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The End or Something Like That

Ellis, Ann Dee (Book - 2014 )
Average Rating: 3 stars out of 5.
The End or Something Like That
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As the first anniversary of her best friend Kim's death nears, fourteen-year-old Emmy tries to fulfill her promise to make contact with Kim's spirit, but she gains new perspective from unexpected connections.
Authors: Ellis, Ann Dee
Title: The end or something like that
Publisher: New York, New York :, Dial Books, an imprint of Penguin Group (USA) LLC,, [2014]
Characteristics: 346 pages ;,22 cm
Content Type: text
Media Type: unmediated
Carrier Type: volume
Summary: As the first anniversary of her best friend Kim's death nears, fourteen-year-old Emmy tries to fulfill her promise to make contact with Kim's spirit, but she gains new perspective from unexpected connections.
ISBN: 0803737394
9780803737396
Statement of Responsibility: Ann Dee Ellis
Copyright Date: ©2014
Subject Headings: Las Vegas (Nev.) Fiction Las Vegas (Nev.) Juvenile fiction Family life Nevada Las Vegas Fiction Self-esteem Fiction Schools Fiction High schools Fiction Friendship Fiction Teenage girls Fiction Best friends Fiction Death Fiction Families Nevada Las Vegas Juvenile fiction Self-esteem Juvenile fiction Schools Juvenile fiction High schools Juvenile fiction Friendship Juvenile fiction Teenage girls Juvenile fiction Best friends Juvenile fiction Death Juvenile fiction
Topical Term: Family life
Self-esteem
Schools
High schools
Friendship
Teenage girls
Best friends
Death
Families
Self-esteem
Schools
High schools
Friendship
Teenage girls
Best friends
Death
LCCN: 2013020975
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Aug 29, 2014
  • BUNBUN1978 rated this: 2.5 stars out of 5.

I really thought I would enjoy this book. It was not terrible however I just found it too slow moving. I wanted to know more why did she she the other ghosts and not Kim?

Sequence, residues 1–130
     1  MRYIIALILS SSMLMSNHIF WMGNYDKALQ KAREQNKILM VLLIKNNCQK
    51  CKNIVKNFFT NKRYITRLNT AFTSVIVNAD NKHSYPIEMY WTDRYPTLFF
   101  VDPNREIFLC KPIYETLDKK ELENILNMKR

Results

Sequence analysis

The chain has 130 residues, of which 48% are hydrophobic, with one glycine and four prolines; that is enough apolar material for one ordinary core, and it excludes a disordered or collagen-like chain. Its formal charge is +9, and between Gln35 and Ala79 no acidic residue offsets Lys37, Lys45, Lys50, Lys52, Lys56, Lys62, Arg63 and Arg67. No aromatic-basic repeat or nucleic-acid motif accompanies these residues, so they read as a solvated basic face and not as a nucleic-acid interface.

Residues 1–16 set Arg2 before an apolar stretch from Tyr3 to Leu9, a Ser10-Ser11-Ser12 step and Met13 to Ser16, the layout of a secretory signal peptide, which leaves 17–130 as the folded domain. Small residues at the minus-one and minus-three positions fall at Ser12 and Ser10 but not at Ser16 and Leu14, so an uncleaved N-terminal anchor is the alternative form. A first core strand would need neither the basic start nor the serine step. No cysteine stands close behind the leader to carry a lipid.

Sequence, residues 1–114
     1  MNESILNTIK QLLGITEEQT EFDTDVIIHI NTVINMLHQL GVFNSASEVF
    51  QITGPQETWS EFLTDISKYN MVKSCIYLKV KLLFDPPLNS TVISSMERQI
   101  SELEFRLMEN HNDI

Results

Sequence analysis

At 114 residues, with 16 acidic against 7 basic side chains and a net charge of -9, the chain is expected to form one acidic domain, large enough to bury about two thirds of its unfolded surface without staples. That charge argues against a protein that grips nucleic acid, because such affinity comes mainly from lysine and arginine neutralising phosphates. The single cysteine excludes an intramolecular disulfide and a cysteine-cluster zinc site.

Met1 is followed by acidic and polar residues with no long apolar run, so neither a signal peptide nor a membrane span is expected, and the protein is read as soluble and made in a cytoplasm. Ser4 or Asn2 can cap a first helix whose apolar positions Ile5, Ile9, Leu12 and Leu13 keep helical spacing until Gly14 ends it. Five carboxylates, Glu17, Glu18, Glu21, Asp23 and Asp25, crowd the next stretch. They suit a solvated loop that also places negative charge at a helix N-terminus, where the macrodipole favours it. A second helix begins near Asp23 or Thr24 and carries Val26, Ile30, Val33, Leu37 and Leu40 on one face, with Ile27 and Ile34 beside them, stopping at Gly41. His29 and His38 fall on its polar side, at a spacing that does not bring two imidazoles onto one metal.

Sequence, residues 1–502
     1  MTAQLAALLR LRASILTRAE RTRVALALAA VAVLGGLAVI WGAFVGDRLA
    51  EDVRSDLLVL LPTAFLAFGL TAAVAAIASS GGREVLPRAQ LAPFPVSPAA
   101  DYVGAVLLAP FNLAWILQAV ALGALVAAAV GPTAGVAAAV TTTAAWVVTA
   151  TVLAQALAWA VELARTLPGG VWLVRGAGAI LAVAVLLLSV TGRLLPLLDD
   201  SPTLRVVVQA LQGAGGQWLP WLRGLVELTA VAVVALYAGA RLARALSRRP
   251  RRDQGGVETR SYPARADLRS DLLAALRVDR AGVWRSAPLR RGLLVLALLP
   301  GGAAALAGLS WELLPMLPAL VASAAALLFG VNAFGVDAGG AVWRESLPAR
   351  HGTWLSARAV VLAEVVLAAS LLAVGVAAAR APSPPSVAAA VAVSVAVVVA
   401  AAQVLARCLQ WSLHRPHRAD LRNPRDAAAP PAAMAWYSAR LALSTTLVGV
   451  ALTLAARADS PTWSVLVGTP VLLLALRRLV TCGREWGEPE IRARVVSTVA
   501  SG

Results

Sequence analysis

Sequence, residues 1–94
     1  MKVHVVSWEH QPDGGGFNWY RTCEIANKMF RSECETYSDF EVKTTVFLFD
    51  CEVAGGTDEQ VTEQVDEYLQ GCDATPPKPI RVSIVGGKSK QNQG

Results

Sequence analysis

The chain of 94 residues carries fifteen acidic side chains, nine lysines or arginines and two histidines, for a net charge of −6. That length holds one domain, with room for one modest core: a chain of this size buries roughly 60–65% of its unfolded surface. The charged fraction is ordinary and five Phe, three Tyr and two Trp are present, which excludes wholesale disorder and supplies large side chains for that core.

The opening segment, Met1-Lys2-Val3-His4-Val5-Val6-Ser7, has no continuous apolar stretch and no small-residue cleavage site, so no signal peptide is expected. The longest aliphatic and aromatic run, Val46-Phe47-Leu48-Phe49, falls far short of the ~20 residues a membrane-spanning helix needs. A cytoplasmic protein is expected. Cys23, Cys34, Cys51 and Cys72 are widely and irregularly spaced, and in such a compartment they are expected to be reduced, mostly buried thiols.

Aug 28, 2014
  • FindingJane rated this: 2 stars out of 5.

In spite of the poignancy of this novel’s theme, there is a curious flatness to the protagonist’s recital of her efforts to deal with her best friend’s death. The dialogue takes place mainly in her head, as the reader gets to see all her thoughts unspooling in her mind. That means a lot of repetition to get the point across ( e.g., “I am a horrible person. A horrible horrible person.”) and not nearly enough input from other people. There’s simply not enough in this book to avoid the insularity and dullness that can occur from being forced on the treadmill of the thoughts of a self-involved adolescent.

The inclusion of deceased spirits interacting with Emmy only points out the grayness of her life since her contact with them is a lot more meaningful than that she shares with the living. With the former, she actually has conversations, while the latter only get to hear her drone on and on about how she’s “fine” or “okay” after Kim dies. This is not a book to return to and I felt a profound relief to set it aside when I was done with it.

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app09 Version tobio (tobio) Last updated 2014/09/24 13:12